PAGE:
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Friday, March 13, 2009

Beer Drinkers Lose in the Mountain West

Two bits of news from Colorado and Utah today--both setbacks for beer fans. The first is a triumph of liquor-store owners over consumers.
Convenience stores and supermarkets in Colorado won't be allowed to sell full-strength beer following protests by liquor store owners, who said a proposed law change could drive many of them out of business....

Right now, convenience stores and supermarkets are largely limited to selling 3.2 percent beer, but they say sales have tanked since liquor stores started staying open on Sundays under a law passed last year.
In Utah, another bizarre law was protected by the state Senate, who shot down a proposal to allow stronger beer.

The Utah Senate has decided against allowing the sale of full-strength draft beer in bars and restaurants. Currently, draft beer sold in Utah can contain no more than 3.2 percent alcohol by weight, or 4 percent by volume.

A bill to lift the cap was approved 58-2 in the House. But on Thursday, the last day of the session, the Senate decided not to debate the measure and to go home early instead.
Ah Utah, what a place. Having lived there for 2 1/2 unpleasant years, I am reminded of why I shot, bullet-like, from its sharia draconianism, the first chance I got. But I pity those not of the "dominant culture" who remain, trying to choke down 4% IPAs.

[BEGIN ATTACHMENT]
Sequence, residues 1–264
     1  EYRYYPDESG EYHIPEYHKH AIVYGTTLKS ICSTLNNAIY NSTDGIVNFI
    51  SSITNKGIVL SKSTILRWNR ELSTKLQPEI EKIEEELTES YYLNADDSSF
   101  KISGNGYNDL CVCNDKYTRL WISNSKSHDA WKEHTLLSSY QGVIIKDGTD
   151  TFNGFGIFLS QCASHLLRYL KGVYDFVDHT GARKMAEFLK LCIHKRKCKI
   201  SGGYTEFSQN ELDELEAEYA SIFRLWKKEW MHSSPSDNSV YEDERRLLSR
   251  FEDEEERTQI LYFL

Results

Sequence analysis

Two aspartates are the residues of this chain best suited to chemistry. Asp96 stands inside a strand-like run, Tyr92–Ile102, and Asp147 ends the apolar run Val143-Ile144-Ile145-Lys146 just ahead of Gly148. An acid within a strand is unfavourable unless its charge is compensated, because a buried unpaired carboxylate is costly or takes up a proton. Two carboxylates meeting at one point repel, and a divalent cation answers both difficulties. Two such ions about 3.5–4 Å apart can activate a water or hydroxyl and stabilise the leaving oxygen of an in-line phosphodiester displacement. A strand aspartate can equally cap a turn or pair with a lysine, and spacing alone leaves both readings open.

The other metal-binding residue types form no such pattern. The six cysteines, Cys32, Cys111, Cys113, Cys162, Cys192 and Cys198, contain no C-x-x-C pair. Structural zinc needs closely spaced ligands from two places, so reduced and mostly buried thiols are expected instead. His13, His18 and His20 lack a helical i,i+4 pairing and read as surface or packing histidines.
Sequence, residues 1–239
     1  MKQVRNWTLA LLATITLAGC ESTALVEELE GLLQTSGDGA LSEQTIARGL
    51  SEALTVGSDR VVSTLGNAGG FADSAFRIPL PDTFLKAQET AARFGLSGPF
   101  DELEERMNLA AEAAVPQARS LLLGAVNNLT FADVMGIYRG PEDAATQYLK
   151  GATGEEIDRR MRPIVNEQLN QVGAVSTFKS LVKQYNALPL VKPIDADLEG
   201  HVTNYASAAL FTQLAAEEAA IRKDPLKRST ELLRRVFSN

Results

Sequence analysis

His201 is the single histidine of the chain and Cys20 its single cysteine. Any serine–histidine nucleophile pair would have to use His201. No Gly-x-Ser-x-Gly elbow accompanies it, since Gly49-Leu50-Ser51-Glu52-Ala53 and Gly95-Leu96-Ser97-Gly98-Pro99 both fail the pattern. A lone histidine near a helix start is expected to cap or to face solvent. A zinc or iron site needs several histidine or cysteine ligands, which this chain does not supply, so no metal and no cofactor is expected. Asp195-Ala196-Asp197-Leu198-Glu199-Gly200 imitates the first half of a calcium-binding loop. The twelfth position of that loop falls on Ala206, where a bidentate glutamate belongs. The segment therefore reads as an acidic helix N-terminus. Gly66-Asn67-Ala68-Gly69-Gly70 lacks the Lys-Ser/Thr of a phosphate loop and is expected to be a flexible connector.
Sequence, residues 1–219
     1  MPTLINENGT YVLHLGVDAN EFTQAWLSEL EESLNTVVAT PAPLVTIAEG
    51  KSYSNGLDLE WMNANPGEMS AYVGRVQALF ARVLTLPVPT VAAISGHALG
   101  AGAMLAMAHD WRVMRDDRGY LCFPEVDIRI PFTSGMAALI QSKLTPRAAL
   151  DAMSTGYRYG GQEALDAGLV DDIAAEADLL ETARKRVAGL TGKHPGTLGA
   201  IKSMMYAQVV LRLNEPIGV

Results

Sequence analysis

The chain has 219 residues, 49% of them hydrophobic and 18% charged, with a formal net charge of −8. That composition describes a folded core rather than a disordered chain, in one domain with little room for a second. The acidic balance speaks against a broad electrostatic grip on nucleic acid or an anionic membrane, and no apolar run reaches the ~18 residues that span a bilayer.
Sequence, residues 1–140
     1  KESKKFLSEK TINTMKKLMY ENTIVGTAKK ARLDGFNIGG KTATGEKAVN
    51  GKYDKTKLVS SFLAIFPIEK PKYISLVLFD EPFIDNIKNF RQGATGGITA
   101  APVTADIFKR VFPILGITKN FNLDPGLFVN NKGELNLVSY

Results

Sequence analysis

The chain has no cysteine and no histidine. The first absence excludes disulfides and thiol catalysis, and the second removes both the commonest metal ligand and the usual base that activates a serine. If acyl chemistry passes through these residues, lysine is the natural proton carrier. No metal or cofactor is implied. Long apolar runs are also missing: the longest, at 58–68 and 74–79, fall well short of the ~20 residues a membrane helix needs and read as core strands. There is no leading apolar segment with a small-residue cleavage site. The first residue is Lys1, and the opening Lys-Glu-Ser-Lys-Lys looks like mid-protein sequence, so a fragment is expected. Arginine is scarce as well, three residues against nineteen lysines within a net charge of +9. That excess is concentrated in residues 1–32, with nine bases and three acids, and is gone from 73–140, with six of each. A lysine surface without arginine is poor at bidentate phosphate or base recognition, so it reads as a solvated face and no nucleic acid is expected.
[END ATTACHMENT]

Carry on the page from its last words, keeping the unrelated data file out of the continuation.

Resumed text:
1. Jeff:
    You might be surprised to know that the Colorado Brewers Association opposes allowing grocery stores to sell full-strength beer. Craft brewers argue that they have thrived in Colorado because they don't have to fight the big boys for space on a supermarket shelf. In Colorado, full-strength beer is restricted to liquor stores. It is somewhat of an inconvenience for consumers to stop by a liquor store every time you want a decent beer, but the flipside is that most liquor stores carry large craft beer selections. It's not so simple. And it sure as hell isn't anything like Utah. Read more about the issues here:

    And here:

  2. Really?? That's just the weirdest thing I've ever heard. I appreciate being apprised of this--beer culture is always local and idiosyncratic.

    I will now spend hours hypothesizing about what this says about Coloradans.

  3. Colorado's 3.2 beer law is indeed idiosyncratic. It's a legacy of Prohibition. Still, small craft brewers here seem to think it has worked to their advantage. And since liquor stores are now allowed to open on Sundays (a fairly recent change), it has become less of an inconvenience for consumers. The continued prohibition on grocery stores selling full-strength beer can't be reconciled with free market principles since it's essentially a state-guaranteed monopoly for liquor stores, but craft brewers here are fighting hard to keep it the way it is. By the way, bars can of course serve full-strength beer in Colorado, unlike in Utah. I neglected to cite my source material in my first comment. The relevant passages are in the article's bottom half: